Water softeners used to remove harmful minerals from hard water. In some areas, water is hard, like nearly undrinkable. Apart from drinking, hard water also creates other problems like scale build-up in supply pipes, stained dishes, and spotty laundry.
Water softeners work through a simple method called “Ion Exchange.” It has two tanks, mineral and brine tank. When hard water comes into the mineral tank, it flows on resin beads containing sodium ions. Here in the resin beads, sodium ion acts as a negative charge, and hard water minerals behave like a positive charge. As we all know, opposite charges attract each other, so sodium pulls hard water minerals towards itself. In this way, resin beads got those minerals and release sodium ions into the water.
A typical water softener made up of the following components.
This is one of the essential components of the water softener. Hard Water first enters into the mineral tank from a supply line, where the ION exchange method takes place (As we discussed above). After completion of that process, water leaves the tank and goes to your outgoing supply pipes.
Brine Tank is a small salt tank fitted adjacent to the mineral tank. This tank is used for the regeneration cycle. When salt starts running out then, we add salt into the brine tank, which then flushed through the resin present in the mineral tank. To keep the water softened, we must take care of the salt level in the brine tank.
The control valve is used to measure the water flow in the mineral tank. This valve has a meter that keeps track of water flow, and when resin beads become too burdened with hard water minerals, valve issues a signal for another regeneration cycle. Mostly control valves have a digital meter that allows you to control the regeneration cycle according to different factors.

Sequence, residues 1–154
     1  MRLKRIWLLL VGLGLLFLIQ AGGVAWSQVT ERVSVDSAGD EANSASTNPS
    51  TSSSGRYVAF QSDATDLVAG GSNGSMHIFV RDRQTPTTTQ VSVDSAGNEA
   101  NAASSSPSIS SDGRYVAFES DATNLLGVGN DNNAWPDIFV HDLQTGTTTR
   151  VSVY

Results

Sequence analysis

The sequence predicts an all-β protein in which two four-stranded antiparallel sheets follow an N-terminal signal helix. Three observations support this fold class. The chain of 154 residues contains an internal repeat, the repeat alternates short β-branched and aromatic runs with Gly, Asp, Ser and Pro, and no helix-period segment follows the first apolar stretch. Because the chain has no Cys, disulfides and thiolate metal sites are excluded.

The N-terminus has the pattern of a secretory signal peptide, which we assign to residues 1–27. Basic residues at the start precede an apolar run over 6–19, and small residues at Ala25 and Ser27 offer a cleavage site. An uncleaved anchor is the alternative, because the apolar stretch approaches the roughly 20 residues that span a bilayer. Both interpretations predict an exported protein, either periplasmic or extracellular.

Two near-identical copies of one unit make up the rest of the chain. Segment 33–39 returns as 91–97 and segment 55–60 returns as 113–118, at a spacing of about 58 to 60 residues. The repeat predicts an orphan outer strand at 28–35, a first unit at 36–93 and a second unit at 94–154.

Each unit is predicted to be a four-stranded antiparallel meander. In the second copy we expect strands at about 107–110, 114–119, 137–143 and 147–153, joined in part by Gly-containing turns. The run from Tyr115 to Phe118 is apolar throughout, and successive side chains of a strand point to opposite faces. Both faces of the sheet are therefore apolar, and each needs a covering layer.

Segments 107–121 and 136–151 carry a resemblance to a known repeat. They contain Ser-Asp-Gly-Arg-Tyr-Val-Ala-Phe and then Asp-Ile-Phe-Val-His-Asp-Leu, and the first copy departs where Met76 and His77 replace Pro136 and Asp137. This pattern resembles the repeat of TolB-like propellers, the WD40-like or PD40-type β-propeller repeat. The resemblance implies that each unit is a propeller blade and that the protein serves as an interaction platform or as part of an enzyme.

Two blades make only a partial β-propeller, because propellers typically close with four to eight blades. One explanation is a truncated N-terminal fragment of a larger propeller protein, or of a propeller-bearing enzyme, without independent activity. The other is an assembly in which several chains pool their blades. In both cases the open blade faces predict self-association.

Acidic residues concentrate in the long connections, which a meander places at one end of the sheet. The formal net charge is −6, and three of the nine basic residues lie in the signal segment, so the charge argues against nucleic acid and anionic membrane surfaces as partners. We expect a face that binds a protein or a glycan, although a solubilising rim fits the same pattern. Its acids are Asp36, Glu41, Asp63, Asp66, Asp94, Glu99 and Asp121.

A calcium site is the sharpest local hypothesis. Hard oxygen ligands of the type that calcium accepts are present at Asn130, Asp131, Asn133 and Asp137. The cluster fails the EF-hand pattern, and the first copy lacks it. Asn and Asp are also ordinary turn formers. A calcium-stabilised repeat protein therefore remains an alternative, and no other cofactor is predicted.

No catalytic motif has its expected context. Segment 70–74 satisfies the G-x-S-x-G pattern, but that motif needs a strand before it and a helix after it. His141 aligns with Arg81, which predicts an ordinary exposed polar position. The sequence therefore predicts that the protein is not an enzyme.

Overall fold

Soft Water for Drinking?
The amount of sodium we add to hard water during the Ion exchange process is directly proportional to the hardness level of water. For example, if we have a medium hardness level (80-90 ppm), then water softeners will use approx 37 to 40 milligrams of sodium, which is negligible.
On the other hand, if you are living in an area with extremely hard water (>400 ppm), then you have to use a lot of sodium for softening the water. In that case, excessive use of sodium can create additional problems for people having kidney or blood pressure concerns. Usually, soft water is safe for drinking and you can use it without any worry.